“Competition for talent in STEM occupations is high, and we offer a range of pathways into these fields. Our partnership with Stony Brook University expands the talent pipeline for underrepresented minorities sought by many employers,” says Belinda S. Miles, President, Westchester Community College.
As one of the partner schools in the SUNY LSAMP alliance, Westchester Community College will provide tutoring and mentorship resources to students, sponsor university visits to encourage transfer after graduation, and initiate various summer research projects. Stony Brook and the other SUNY schools will look to expand the alliance and create additional STEM curriculum opportunities for students. Over the next five years, the three primary goals of the project will be to meet the continuing challenge of preparing UREP students for a successful transition into STEM majors; provide experimental activities that lead to socialization into science; and promote systemic change by broadening participation in research.
“Our alliance will scale up programs that build our momentum to increase student recruitment and retention,” says David Ferguson, SUNY LSAMP Project Director. “We will also focus on improving STEM pathways from community colleges to four-year schools and creating a pipeline to produce global researchers and scholars.”
To date, SUNY LSAMP has taken leadership in STEM curricular reform on the SUNY campuses and has supported UREP STEM student needs. The effort has led to engagement among faculty, staff, administrators and heads of academic departments to create new infrastructures on campuses to enhance UREP students’ participation and pursuit of STEM higher education.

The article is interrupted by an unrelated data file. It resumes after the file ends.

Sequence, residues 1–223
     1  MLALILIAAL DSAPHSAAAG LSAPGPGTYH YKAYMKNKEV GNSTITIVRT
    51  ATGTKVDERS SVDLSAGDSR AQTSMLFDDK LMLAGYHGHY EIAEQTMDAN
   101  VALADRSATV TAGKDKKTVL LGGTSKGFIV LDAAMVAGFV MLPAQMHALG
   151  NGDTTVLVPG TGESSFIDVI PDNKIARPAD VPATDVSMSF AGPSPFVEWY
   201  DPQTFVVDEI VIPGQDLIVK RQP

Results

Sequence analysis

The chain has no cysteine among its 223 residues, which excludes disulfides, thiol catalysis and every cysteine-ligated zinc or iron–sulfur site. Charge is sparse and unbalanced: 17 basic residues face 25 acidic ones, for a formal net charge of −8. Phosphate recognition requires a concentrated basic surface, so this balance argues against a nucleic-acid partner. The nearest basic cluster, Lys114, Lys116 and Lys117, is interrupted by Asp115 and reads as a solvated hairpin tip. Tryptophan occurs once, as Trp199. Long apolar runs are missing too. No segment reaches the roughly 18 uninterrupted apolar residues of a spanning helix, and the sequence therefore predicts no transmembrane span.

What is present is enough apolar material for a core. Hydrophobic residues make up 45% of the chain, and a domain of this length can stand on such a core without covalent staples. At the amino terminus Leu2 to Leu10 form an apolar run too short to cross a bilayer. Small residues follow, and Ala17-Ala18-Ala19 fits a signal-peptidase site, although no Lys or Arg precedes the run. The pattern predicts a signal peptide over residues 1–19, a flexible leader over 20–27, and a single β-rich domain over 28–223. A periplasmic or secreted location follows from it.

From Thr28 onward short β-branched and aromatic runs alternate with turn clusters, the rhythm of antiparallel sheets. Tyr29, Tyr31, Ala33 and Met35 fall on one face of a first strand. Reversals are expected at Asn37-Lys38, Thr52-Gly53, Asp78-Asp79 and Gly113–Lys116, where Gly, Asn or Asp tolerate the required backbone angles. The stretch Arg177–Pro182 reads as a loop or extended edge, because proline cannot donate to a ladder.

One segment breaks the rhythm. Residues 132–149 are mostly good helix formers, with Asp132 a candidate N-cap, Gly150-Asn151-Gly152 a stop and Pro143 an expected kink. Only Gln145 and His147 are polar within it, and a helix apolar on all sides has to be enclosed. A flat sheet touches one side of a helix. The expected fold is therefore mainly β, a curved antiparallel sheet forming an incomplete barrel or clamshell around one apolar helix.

SUNY LSAMP has also received ten grants for NSF fellowships and support services for twelve LSAMP graduates through the LSAMP Bridge to the Doctorate program. The Bridge program has increased the UREP STEM doctoral pool by bringing in students from LSAMP programs around the country and supporting them in their first two years of SUNY graduate work and on to completion of their doctorates.
The NSF has supported the SUNY LSAMP program since its inception. This latest grant is the fifth stage of funding and will build upon and fine-tune the Fostering STEM Identity through Transitions (FIT) model that will conduct an in-depth theory driven examination of the pivotal experiences that lead to engagement, retention and over-all success of UREP STEM college students.
Financial Aid staff members will be available to assist students with the 2017-18 FAFSA application.
Drop in assistance will be held in The Gateway Center – Computer Lab, room 225
10:00 am -1:00 pm
November 11 and 18
December 2 and 9
November 14 – December 19
Monday – Thursday evenings from 5:00 pm – 7:00 pm
Admin. Bldg., Room 120.
Questions? go to Studentaid.gov/FAFSA
Want to do it yourself? FAFSA.ed.gov